Django 100: Centennial Tour Celebrates Legendary Guitarist
“ Leading the memorial quintet will be guitarist, Dorado Schmitt, himself a gypsy and designated as Reinhardt's heir apparent--the winner of Europe's Django award in 2000. ”
By Larry Taylor
In honor of the 100th anniversary of the great gypsy jazz guitarist, Django Reinhardt, the Django 100 countrywide tour gets underway next month at Washington's Kennedy Center.
Leading the memorial quintet will be guitarist, Dorado Schmitt, himself a gypsy and designated as Reinhardt's heir apparent--the winner of Europe's Django award in 2000. His son, Samson Dorado, also a guitarist, will be in the group, along with Ludovic Beir, accordionist, and Pierre Blanchard, violinist, all from France. From the United States, esteemed bassist Brian Torff will anchor the group.
Reinhardt was born in Belgium, 1910. His family traveled in a gypsy caravan. Both both parents were musicians, his father a guitarist; his mother a singer and dancer. As a child, Django took up guitar and was playing professionally by 14. Later, in his teens, he was about to leave for England to play in a band when his family's caravan caught fire, and his left was hand was severely burned, causing him to lose two fingers. This tragic incident, however, led him to develop his unique style He played all of his guitar solos with only two fingers, and used the two injured digits only for chord work.
From this, he went on to fame, forming the Quintet of the Hot Club of France with the great violinist Stephane Grappelli. The group, made up of three additional guitarists, played together until WWII, gaining worldwide popularity with their original swing style, turning out many recordings.
After leaving the group, Reinhardt played throughout Europe and in America. His life was cut short, sadly, when he died in France at 42. His popularity throughout the decades has remained constant from his recordings and helped by by Grappelli who continued playing Hot Club style until his death at 89 in 1997.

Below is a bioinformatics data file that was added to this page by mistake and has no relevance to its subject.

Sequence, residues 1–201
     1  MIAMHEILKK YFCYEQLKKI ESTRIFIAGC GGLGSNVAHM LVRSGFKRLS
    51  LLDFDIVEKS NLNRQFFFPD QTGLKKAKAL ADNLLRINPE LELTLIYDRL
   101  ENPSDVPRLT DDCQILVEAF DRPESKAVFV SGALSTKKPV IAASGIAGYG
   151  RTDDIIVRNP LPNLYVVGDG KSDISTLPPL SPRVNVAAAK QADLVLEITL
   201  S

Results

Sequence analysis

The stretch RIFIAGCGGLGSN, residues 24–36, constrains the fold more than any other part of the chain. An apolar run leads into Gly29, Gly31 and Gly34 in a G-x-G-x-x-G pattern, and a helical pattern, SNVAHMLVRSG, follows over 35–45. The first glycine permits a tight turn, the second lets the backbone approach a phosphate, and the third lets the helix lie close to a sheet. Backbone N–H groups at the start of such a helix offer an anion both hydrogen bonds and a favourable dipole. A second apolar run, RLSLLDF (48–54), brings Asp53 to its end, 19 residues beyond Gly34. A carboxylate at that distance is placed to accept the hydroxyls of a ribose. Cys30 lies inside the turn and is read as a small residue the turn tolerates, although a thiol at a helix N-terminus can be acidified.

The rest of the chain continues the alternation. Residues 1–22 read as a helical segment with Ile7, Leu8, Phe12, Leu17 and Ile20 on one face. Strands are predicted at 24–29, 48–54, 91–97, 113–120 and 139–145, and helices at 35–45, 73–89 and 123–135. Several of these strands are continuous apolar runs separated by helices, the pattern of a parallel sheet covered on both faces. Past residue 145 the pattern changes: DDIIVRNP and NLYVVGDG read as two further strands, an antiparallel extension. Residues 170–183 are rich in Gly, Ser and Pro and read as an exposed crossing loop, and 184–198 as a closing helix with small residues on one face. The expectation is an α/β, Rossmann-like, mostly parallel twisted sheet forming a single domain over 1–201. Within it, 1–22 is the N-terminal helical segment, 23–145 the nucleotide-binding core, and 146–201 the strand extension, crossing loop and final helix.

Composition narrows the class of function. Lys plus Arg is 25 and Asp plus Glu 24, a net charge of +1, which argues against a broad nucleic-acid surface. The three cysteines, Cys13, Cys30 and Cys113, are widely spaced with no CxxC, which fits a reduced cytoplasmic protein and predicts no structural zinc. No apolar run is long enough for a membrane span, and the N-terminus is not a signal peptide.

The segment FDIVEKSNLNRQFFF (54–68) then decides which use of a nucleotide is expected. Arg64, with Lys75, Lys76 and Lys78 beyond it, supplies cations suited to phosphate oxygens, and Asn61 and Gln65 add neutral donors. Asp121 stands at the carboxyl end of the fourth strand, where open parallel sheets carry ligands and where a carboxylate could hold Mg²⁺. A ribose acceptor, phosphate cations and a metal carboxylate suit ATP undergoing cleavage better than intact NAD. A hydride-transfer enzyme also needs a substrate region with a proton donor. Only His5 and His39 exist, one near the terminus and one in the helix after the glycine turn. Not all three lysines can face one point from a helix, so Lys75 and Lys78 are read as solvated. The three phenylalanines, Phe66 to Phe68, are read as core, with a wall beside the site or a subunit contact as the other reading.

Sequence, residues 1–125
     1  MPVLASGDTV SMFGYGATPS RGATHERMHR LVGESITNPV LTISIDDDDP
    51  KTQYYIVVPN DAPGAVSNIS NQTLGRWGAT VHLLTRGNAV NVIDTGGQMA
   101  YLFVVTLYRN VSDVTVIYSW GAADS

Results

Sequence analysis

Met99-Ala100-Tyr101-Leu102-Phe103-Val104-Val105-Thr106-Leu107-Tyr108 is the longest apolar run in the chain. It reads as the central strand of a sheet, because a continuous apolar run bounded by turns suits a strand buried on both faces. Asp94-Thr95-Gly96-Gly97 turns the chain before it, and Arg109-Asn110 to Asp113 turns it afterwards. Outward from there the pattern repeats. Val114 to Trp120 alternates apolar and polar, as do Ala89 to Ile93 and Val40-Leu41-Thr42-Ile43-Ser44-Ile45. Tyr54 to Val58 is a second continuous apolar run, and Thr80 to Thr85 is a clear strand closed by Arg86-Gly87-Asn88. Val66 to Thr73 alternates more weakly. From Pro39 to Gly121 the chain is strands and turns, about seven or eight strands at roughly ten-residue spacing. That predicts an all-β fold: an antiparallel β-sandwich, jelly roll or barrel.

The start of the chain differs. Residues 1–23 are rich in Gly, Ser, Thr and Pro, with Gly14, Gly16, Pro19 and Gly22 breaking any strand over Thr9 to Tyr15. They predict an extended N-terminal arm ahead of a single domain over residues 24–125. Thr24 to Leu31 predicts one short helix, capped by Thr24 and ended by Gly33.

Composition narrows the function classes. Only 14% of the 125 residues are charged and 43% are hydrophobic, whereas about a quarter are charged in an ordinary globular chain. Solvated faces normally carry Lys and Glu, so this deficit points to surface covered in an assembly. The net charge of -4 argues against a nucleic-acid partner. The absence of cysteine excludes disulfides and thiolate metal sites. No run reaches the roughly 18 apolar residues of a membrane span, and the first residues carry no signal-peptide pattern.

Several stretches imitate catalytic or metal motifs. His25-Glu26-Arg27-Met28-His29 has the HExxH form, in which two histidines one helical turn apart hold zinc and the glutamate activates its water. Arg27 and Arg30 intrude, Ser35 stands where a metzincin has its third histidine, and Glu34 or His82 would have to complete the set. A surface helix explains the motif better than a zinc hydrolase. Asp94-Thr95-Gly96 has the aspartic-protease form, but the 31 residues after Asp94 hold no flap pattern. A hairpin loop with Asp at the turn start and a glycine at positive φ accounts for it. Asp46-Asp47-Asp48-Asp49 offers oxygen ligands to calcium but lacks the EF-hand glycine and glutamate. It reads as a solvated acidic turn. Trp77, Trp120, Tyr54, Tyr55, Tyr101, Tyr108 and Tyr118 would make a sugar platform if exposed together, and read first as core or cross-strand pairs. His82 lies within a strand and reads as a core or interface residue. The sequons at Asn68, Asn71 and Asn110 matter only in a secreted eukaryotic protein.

A fixture in the quintet, renowned bassist Torff currently teaches in Connecticut at Fairfield University. In addition to playing with Django 100, he regularly performs in the New York-New England area. Since beginning his career in 1974, he has played with the likes of Mary Lou Williams, Marian McPartland and Errol Garner. Notably, he appeared with Grappelli and was part of the acclaimed duo with George Shearing in the late 70s-early 80s.
Pat Philips and Ettore Stratta started the Django Festival in 2000 at Birdland. Schmitt and Torff joined the group in 2002. Torff said, In a recent telephone interview: We're like a repertory re-grouping, sometimes twice a year. We play in Europe and always once a year in Birdland."
In other years, he says, the group was called Django Reinhardt New York Festival. Since it's a centennial celebration, it will be called Django 100 on this tour.
As for others in the lineup, Samson Schmitt, Dorado's son, has also gained a following as a gypsy jazz guitarist, while violinist Pierre Blanchard is a master of the Hot Club style. In 2004, he recorded a well-received album Rendezvous in tribute to Grappelli.
Attesting to the ongoing popularity of Django's music, Torff says that audiences are all ages, figuring that almost half are people under 40. A play list for a set will include Hot Club favorites, as well as originals by Dorado Schmitt and a sprinkling of jazz standards. The most requested numbers, Torff says,are from the old days: Minor Swing" and Nuage."
Initially the tour will take the group to nine cites, beginning January 16 at Kennedy Center, Washington, DC.. On January 17-19, it continues to The Dakota, Minneapolis and then travels to California for stops January 21-24 at Yoshi's, Oakland; January 25, Kuumbwa Jazz Center, Santa Cruz; Jan. 26-28 Catalina's, Los Angeles; and January 29-30, Orange County Performing Arts Center, Costa Mesa. On February 1-3 the group returns east to The Iridium, New York City; and finishing, February 4-6, at the Montreal Jazz Festival.